The USS Razorback (SS-394) is a Balao-class submarine that saw service in the Pacific Theater during World War II. The name “Razorback” came from the Rorqual family of whales, which are characterized by throat grooves that extend from the throat to the flippers. This submarine, after a long and varied service, is now docked in the Arkansas River in North Little Rock (Pulaski County), as part of the Arkansas Inland Maritime Museum.
The USS Razorback was constructed at the Portsmouth Naval Shipyard in Maine in 1943–44 and was launched on January 27, 1944. Between 1944 and 1945, the Razorback completed war patrols in the Pacific, which included being a member of an offensive group conducting patrols east of Luzon in the Philippines in support of the mid-September 1944 landings on Palau. It also operated in a group of submarines that patrolled in the Luzon Straits, where the Razorback damaged a 6,933-ton freighter on December 6, 1944, and sank an 820-ton destroyer and damaged another freighter on December 30. On February 1, 1945, the Razorback set out for the East China Sea, accompanied by the Segundo and the USS Sea Cat (SS-399), where it sank four wooden ships in three separate surface gun actions.
As a result of its World War II patrols, the Razorback won five battle stars, and it is also one of only two surviving submarines that took part in the formal surrender of Japan at Tokyo Bay on September 2, 1945. Following World War II, the Razorback remained active with the Pacific Fleet, participating in patrols off Japan and China. After being modified in the early 1950s to make it more modern and competitive against possible Soviet submarine threats, it provided antisubmarine training services for surface and air units off the West Coast through 1956. From 1957 until 1970, the Razorback returned to duty in the Far East, earning its first Vietnam Service Medal in 1965.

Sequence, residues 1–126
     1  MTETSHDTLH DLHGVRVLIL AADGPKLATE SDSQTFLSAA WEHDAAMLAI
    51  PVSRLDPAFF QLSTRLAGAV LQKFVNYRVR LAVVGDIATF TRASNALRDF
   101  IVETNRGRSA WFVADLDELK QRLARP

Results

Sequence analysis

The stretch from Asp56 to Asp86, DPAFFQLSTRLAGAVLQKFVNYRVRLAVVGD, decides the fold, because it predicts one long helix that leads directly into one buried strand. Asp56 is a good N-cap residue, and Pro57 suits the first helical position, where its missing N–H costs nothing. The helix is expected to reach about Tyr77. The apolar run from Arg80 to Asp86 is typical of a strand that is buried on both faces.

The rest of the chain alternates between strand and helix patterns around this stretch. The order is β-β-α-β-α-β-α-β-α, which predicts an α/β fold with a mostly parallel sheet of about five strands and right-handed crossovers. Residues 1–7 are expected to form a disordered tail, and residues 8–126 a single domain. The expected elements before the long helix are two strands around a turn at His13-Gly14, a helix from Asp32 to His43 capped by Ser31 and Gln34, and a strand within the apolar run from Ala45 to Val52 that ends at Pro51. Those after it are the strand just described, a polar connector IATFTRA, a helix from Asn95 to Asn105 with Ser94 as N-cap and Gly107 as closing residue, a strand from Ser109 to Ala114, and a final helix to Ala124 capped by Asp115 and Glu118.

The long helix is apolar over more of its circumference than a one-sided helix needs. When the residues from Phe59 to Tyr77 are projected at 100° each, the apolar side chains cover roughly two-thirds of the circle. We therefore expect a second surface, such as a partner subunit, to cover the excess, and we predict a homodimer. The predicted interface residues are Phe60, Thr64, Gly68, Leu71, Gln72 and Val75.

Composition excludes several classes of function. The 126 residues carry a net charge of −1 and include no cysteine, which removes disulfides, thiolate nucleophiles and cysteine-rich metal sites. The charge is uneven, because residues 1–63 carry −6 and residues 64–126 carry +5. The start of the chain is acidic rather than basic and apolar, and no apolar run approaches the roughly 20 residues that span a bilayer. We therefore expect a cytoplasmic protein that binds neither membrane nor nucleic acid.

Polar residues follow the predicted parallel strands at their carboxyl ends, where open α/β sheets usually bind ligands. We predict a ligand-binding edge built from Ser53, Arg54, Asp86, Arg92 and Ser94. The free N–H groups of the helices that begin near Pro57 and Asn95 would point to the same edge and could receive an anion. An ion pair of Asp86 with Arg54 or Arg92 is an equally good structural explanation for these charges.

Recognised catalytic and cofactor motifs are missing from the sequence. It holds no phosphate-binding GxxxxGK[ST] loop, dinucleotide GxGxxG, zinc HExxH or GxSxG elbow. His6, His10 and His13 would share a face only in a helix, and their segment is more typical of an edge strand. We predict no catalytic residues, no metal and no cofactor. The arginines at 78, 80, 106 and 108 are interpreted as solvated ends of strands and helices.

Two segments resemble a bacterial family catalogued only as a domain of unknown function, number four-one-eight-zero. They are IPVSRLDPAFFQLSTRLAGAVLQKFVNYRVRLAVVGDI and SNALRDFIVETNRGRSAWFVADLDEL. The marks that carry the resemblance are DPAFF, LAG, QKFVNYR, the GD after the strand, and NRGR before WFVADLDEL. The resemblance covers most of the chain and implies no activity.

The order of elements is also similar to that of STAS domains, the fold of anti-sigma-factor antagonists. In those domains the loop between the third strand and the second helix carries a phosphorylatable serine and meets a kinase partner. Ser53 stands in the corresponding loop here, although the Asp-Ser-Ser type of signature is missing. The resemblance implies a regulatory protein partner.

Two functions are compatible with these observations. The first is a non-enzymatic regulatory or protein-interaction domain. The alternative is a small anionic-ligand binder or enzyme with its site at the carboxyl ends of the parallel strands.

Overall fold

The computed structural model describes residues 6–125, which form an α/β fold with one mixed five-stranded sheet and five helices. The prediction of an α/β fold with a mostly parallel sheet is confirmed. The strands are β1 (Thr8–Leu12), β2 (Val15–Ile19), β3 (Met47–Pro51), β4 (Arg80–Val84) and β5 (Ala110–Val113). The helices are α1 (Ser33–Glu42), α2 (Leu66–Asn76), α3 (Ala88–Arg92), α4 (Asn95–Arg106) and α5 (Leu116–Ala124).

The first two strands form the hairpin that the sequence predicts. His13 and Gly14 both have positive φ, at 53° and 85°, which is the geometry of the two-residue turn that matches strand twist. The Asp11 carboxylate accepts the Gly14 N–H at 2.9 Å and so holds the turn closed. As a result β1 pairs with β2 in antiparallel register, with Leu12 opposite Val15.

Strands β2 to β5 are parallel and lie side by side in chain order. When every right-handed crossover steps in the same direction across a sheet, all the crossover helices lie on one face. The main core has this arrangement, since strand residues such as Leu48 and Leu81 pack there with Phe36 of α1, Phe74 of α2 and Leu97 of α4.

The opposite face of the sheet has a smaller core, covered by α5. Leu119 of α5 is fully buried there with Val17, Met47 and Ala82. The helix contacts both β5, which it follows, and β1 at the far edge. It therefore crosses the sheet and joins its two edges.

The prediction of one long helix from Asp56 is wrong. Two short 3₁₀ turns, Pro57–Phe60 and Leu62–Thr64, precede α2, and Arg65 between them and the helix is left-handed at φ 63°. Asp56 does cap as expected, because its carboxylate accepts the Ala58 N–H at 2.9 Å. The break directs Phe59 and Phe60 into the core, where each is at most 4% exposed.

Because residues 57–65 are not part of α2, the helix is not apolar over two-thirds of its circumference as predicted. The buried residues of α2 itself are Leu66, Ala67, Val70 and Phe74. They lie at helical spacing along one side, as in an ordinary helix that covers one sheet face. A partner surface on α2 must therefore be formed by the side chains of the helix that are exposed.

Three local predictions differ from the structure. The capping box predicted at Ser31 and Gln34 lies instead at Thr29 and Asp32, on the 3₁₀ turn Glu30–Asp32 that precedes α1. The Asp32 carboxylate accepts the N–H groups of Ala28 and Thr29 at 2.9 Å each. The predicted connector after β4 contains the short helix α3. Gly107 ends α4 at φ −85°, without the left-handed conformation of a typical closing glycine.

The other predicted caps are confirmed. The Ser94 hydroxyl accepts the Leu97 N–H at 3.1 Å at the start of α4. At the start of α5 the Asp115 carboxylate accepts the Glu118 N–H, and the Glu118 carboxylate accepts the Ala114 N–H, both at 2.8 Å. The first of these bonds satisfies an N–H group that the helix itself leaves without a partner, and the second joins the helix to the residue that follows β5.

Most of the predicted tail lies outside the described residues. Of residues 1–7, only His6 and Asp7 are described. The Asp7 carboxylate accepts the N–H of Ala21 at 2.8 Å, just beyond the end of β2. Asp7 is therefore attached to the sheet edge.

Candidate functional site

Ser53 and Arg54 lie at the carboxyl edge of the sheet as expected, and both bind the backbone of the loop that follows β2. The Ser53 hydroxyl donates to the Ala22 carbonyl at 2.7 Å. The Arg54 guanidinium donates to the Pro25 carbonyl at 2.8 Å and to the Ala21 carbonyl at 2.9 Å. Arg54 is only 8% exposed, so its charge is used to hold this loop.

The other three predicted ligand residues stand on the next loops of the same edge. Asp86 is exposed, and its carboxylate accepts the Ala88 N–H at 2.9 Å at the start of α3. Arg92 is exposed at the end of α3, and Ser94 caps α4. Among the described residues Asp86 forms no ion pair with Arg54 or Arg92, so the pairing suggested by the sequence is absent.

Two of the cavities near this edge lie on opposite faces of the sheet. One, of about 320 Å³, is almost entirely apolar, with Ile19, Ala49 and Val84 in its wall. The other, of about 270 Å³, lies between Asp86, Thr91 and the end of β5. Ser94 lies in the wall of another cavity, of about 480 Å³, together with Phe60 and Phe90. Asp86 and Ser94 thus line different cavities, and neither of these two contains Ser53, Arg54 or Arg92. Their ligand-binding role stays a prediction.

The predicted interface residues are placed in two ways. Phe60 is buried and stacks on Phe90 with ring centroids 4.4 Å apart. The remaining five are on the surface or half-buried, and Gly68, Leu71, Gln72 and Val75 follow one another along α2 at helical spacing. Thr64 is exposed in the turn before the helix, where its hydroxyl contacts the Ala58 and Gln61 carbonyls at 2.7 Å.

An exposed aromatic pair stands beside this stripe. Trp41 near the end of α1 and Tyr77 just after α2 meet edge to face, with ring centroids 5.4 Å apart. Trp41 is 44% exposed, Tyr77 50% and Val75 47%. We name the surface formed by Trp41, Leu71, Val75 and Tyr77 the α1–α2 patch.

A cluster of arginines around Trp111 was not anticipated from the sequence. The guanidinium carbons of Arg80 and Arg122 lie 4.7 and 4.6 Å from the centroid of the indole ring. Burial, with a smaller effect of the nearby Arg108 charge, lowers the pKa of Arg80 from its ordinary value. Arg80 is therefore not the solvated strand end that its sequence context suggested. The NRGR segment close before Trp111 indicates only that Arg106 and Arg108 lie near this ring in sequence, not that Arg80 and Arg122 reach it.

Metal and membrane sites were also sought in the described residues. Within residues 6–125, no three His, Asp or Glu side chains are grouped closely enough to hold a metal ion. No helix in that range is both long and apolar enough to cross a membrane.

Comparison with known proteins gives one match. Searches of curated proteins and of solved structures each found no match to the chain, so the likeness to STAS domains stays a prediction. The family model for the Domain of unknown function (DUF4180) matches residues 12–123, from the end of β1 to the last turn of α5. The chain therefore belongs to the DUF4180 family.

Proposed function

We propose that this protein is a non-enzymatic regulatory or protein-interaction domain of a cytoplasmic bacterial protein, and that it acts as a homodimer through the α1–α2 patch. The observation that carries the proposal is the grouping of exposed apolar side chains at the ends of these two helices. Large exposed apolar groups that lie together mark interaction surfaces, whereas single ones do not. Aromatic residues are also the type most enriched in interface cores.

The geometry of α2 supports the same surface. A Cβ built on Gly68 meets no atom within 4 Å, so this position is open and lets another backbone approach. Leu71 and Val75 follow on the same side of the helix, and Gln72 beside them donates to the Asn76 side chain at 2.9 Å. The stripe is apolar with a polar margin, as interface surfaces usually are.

Following its final deployment, it was decommissioned on November 30, 1970, transferred to the Turkish Navy, and renamed the TCG Muratreis (S-336). Due to their classified nature, little information is available about the Muratreis’s duties while in the Turkish Navy, though it is known that it was involved in the 1974 Turkish invasion of the island of Cyprus.
The Muratreis was decommissioned in August 2001. The city of North Little Rock succeeded in buying the submarine for $37,500 in 2004 (with the sale being finalized on March 25, 2005), following the intervention of city officials and submarine veterans groups, specifically the United States Submarine Veterans, Inc. The city of North Little Rock arranged for it to be towed from Turkey at a cost of about $500,000, most of which came from private donations; it arrived at the Port of Little Rock on August 29, 2004. A celebration, called an “American Homecoming,” was held for the Razorback later that month to celebrate its return to the United States.
The submarine was opened for tours on May 15, 2005, at the Arkansas Inland Maritime Museum, which also is home to the World War II-era USS Hoga. It was listed on the National Register of Historic Places on September 1, 2005.
For additional information:
“Arrival of USS Razorback submarine delayed.” Arkansas Democrat-Gazette, July 11, 2004, p. 1B
Jensen, Van. “Razorback ends latest ‘adventure’ at LR Port.” Arkansas Democrat-Gazette, August 4, 2004, pp. 1A, 12A.
Sandlin, Jake. “Gathering Marks Sub’s 75th Year.” Arkansas Democrat-Gazette, April 4, 2019, pp. 1B, 3B.
———. “NLR sub docks in New Orleans.” Arkansas Democrat-Gazette, June 20, 2004, pp. 1B, 3B.
Schnedler, Jack. “From the Depths.” Arkansas Democrat-Gazette, April 13, 2021, pp. 1E, 6E.
Wilcox, Ralph S. “USS Razorback (SS-394).” National Register of Historic Places registration form. 2004–2005. On file at Arkansas Historic Preservation Program, Little Rock, Arkansas.
Ralph S. Wilcox
Arkansas Historic Preservation Program
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